Three hundred million years ago, our world looked very different than it does today. Instead of seven continents, we had one: Pangaea, a supercontinent surrounded by a global ocean. Due to a process called plate tectonics, continents move over time. In 250 million years, the continents will combine again to form another supercontinent called Pangaea Ultima – and it may be bad news for mammals like us.
In a recent study published in Nature Geoscience, a team of researchers built climate simulations to investigate how the formation of Pangaea Ultima will affect mammals. When supercontinents form, there is increased volcanism that leads to higher levels of carbon dioxide in the air, which in turn leads to hotter temperatures. The researchers found that most of Pangaea Ultima will consistently experience temperatures hotter than 40°C (104°F). Depending on uncertainties in their model, 8-25% of Pangaea Ultima will remain habitable to mammals, in comparison to 66% of land today. Nearly half of the supercontinent will be desert. This drastic climate upheaval and decrease in living space is likely to cause a mass extinction event.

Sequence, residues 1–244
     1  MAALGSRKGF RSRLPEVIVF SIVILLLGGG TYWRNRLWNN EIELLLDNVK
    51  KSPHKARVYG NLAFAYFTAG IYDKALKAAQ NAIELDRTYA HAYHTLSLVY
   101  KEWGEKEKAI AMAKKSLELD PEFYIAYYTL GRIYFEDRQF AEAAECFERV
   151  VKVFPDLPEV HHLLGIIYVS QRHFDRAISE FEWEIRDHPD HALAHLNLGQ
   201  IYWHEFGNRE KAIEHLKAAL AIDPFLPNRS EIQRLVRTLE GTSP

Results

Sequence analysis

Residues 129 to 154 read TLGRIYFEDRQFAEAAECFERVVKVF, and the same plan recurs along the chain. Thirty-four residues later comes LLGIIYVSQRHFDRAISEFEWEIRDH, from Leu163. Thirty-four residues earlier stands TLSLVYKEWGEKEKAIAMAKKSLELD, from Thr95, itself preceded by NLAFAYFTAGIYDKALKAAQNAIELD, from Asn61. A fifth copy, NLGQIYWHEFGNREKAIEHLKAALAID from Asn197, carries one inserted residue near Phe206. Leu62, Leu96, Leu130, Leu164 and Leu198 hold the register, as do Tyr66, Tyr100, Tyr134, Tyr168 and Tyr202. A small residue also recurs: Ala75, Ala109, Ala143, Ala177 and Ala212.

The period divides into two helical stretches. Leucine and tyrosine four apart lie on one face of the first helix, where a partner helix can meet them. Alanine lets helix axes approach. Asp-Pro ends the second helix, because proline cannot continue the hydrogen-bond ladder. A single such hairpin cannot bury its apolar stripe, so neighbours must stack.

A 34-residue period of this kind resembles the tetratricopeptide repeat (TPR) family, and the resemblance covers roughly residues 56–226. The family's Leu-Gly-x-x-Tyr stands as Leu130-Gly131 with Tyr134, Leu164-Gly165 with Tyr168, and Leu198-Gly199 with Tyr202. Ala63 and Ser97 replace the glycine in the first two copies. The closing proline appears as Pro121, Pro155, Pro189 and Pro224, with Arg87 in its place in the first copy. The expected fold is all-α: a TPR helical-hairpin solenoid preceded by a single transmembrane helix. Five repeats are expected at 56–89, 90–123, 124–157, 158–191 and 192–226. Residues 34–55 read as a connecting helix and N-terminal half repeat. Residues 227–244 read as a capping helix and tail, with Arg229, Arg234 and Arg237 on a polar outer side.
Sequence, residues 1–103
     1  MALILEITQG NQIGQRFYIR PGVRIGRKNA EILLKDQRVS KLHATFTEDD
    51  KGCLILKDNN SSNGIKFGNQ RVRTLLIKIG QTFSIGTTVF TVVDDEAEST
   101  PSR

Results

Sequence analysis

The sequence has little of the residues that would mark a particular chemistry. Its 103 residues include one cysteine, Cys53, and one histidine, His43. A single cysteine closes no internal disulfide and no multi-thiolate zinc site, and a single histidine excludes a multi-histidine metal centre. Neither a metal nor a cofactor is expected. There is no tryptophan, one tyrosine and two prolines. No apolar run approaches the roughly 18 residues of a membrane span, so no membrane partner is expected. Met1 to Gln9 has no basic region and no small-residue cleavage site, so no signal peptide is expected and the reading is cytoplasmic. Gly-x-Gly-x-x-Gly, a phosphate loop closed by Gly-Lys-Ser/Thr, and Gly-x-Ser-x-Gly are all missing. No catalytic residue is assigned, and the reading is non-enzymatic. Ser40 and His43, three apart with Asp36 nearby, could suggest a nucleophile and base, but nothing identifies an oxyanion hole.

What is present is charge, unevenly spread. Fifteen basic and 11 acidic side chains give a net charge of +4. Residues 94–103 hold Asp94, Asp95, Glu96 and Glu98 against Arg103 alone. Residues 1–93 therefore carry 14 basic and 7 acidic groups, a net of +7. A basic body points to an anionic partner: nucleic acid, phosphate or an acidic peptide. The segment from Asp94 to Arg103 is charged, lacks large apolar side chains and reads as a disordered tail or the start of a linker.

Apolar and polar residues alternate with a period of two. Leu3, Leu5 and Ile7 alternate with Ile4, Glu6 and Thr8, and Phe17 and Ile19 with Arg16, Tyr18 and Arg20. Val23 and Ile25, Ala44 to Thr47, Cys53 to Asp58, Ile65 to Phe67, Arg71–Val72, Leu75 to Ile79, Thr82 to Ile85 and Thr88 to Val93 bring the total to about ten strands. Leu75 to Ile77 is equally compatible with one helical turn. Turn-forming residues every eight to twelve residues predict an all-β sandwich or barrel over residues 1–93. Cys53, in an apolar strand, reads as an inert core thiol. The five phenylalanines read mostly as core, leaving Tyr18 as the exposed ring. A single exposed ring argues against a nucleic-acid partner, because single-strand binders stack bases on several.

While the study paints a bleak picture for the future habitability of Earth, all hope is not lost: life has survived five mass extinction events in the past. This work also provides interesting food for thought to scientists hoping to find habitable planets elsewhere in the universe. Astronomers often discuss the “habitable zone”, the distance from a star where a planet has a suitable temperature for life. These calculations do not account for the distribution of continents, which the researchers argue is a mistake: in their models, they found that Earth still had habitable regions, even in cases where the astrophysical calculation considered it uninhabitable. This finding implies that more planets may be habitable than previously thought.
This study was led by Dr. Alexander Farnsworth, a senior research associate in the School of Geographical Sciences at the University of Bristol.
Managing Correspondent: Emily Pass
Press Article: This is what Earth’s continents will look like in 250 million years (News from Nature)
Original Journal Article: Climate extremes likely to drive land mammal extinction during next supercontinent assembly (Nature Geoscience)
Image Credit: Pixabay/ELG21